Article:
Administration,  Church,  Life,  Personal

Towards a Healthy Church – Finding Purpose

In a series where the goal is to define the nature of a healthy church, one stipulation must be made:

Healthy is defined by God, not man.

It was Jesus who said, “I will build my church” (Matthew 16.18) and significantly, Jesus only used the word church three times (the other two are in Matthew 18). Therefore, He meant something in His use of the word. That is, Jesus had purpose in His choice of words*, and thus, the church should have purpose as well.

*The word “church” is the Greek word ekklessia, a compound word made of the word “ek” (out of) and the root “kaleo” (called out). The idea is the church is those who are the “called out ones.”

If the Church is “called out” then Jesus must have a purpose for her. And, if Jesus has a purpose for the Church, then He must have a purpose for the individuals which make up the Church. Therefore, before we tackle the idea of a healthy church, we will begin by considering our individual purpose.

A couple of years ago, I did an extensive series at the previous site on my personal vision, mission, strategy, and steps. Let me summarize briefly here and provide the reason I distinguish between a vision and a mission.*

*Many leaders do not make this distinction, but I find it helpful. Let me provide a brief illustration to make my point. If I want to see the Grand Canyon, then the vision is what I will “see” with my mission being the major goals (objectives) I must meet to see it. These goals might include saving money, securing transportation, finding time to travel, etc. From there, I break the mission down further, but those items (Strategy and Steps) can find focus in another blog post.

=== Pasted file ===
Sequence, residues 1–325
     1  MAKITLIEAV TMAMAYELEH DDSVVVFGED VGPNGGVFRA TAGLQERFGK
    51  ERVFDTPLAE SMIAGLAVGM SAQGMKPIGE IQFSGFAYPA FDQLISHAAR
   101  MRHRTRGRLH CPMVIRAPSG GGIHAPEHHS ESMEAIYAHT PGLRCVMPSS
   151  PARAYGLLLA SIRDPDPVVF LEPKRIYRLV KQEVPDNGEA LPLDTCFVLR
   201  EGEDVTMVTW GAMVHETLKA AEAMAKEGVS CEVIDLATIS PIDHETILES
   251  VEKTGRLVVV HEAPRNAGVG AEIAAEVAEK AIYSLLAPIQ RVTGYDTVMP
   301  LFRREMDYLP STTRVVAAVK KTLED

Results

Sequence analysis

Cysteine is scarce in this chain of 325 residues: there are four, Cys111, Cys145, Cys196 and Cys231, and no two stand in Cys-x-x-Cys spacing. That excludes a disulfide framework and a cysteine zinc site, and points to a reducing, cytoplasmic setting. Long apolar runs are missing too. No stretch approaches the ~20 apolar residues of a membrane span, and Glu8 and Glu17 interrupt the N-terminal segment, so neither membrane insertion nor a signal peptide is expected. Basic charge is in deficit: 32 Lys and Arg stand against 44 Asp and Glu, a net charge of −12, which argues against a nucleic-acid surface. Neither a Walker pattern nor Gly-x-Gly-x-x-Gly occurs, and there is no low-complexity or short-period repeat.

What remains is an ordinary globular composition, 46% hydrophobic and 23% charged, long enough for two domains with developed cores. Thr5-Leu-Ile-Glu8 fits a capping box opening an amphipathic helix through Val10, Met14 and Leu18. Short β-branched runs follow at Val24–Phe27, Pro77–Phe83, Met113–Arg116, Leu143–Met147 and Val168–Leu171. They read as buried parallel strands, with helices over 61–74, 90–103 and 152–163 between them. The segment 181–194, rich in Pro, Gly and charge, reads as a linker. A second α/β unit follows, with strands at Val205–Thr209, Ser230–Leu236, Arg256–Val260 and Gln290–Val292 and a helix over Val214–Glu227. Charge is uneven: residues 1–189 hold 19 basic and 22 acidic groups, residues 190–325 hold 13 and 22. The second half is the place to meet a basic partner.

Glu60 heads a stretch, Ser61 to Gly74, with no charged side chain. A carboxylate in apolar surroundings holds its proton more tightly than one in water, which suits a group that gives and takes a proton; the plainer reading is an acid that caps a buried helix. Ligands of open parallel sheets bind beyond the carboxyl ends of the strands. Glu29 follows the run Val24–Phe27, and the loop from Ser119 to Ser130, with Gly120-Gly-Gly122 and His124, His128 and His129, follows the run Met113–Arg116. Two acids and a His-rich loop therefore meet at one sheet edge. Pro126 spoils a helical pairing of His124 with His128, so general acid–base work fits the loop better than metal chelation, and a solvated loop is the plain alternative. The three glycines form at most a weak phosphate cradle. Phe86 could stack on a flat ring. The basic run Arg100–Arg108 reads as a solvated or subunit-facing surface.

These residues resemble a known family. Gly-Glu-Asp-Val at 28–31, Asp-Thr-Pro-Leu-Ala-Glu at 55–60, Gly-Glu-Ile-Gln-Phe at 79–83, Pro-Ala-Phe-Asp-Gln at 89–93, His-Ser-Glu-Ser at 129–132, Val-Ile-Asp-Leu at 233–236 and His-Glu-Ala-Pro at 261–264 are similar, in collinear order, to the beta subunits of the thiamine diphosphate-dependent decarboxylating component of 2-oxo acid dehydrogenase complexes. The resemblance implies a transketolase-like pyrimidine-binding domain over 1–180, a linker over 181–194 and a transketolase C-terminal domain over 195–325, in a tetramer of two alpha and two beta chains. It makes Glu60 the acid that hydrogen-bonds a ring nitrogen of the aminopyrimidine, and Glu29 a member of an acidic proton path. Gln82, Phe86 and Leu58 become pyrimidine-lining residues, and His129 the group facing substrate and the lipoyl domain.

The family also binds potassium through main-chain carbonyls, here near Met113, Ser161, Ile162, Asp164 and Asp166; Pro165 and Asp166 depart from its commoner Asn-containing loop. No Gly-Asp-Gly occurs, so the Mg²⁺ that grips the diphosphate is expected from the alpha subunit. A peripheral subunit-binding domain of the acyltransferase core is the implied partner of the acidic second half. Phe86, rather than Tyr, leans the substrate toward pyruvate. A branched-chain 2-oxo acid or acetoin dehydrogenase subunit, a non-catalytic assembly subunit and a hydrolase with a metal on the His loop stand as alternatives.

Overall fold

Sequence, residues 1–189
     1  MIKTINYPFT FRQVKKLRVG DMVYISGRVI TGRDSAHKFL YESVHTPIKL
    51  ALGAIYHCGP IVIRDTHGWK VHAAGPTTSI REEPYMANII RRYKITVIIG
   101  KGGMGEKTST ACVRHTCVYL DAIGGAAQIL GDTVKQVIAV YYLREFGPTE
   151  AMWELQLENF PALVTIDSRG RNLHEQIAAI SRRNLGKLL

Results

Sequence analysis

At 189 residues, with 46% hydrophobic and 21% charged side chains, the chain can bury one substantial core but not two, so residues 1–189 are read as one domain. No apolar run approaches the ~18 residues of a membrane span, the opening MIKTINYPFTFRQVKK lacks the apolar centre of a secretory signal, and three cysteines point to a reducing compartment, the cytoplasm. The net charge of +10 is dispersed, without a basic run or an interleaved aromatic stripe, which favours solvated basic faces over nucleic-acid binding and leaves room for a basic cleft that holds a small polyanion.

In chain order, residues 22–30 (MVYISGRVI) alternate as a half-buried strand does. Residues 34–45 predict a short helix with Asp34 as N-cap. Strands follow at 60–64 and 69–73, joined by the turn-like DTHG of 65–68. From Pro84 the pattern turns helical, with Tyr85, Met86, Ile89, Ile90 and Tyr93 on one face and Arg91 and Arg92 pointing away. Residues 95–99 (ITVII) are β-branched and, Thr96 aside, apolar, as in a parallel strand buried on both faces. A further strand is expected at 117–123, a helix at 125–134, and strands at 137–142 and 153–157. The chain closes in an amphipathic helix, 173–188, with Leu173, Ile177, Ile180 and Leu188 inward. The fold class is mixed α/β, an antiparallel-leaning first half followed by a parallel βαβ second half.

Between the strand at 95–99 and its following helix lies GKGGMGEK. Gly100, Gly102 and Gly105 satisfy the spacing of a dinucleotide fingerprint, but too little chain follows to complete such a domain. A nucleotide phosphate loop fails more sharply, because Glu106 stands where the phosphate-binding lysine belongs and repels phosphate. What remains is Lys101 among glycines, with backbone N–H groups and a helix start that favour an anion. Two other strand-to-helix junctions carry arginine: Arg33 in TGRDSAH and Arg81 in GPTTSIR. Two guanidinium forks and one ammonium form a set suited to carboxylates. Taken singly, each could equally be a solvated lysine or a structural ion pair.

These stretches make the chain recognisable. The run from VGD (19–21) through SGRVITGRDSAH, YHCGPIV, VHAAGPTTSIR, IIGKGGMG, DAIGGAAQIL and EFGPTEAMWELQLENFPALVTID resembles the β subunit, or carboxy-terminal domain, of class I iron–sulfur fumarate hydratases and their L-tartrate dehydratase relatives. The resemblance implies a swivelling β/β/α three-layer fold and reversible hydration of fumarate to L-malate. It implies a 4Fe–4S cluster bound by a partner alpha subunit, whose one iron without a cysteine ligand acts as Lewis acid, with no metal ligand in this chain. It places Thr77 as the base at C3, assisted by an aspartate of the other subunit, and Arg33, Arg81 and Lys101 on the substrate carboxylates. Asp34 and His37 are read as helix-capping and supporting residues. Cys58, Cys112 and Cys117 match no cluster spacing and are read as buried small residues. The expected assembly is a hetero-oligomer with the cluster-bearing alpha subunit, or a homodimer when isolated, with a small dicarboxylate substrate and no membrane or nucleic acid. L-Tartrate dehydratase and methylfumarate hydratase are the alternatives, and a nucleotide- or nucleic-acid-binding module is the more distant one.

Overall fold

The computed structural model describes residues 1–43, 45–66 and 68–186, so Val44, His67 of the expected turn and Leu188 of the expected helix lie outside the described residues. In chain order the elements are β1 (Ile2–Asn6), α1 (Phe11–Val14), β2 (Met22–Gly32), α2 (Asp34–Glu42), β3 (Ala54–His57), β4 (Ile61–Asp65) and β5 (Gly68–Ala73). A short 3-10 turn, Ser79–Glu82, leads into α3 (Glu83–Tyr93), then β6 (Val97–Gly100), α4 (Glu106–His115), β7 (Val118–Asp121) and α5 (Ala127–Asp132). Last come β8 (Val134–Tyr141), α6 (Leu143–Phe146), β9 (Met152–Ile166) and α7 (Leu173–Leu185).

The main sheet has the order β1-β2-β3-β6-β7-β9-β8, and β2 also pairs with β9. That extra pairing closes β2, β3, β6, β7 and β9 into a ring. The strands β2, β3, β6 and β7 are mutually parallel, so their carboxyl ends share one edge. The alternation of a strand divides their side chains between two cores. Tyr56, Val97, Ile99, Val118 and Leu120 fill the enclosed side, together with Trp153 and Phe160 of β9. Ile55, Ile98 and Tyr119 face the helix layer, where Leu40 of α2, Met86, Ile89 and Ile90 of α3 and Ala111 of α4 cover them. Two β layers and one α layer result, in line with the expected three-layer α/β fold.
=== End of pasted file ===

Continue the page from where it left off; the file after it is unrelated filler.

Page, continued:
To find our purpose, we must realize that God has created us in His image (Genesis 1.27) and that He has a purpose for us (Ephesians 2.10). Of course, many will turn to Jeremiah 29.11 as well, but that verse is about knowing God has a purpose when all seems hopeless (the people were in exile). It was also written to a nation, not a person – the “you” is plural. So, God does have a purpose for people, a nation, or a church, but He also has a purpose for you – singular.

The fullness of this purpose will undoubtedly be found in the Bible. How the purpose is realized by you may not be specifically found in the Bible. But studying Scripture will provide an opportunity to see how God’s overall plan includes you doing your part – and that part you are to do is your God-given purpose.

I realize this may seem simple, but trust me, I teach dozens of ministry students every year who find this idea revolutionary. What’s more, I have followed up with some (at their request) to see how they are doing in developing such an idea, and many lost sight of the idea. Furthermore, the point of this exercise, is not just about finding our purpose, but helping churches find theirs (an even bigger issue). If we do not know our purpose, then how can we know if a certain church is right for us? Sure, the Lord may lead us to a church for a variety of reasons, but this blog series is to try to help us know our part in helping the Church do her part.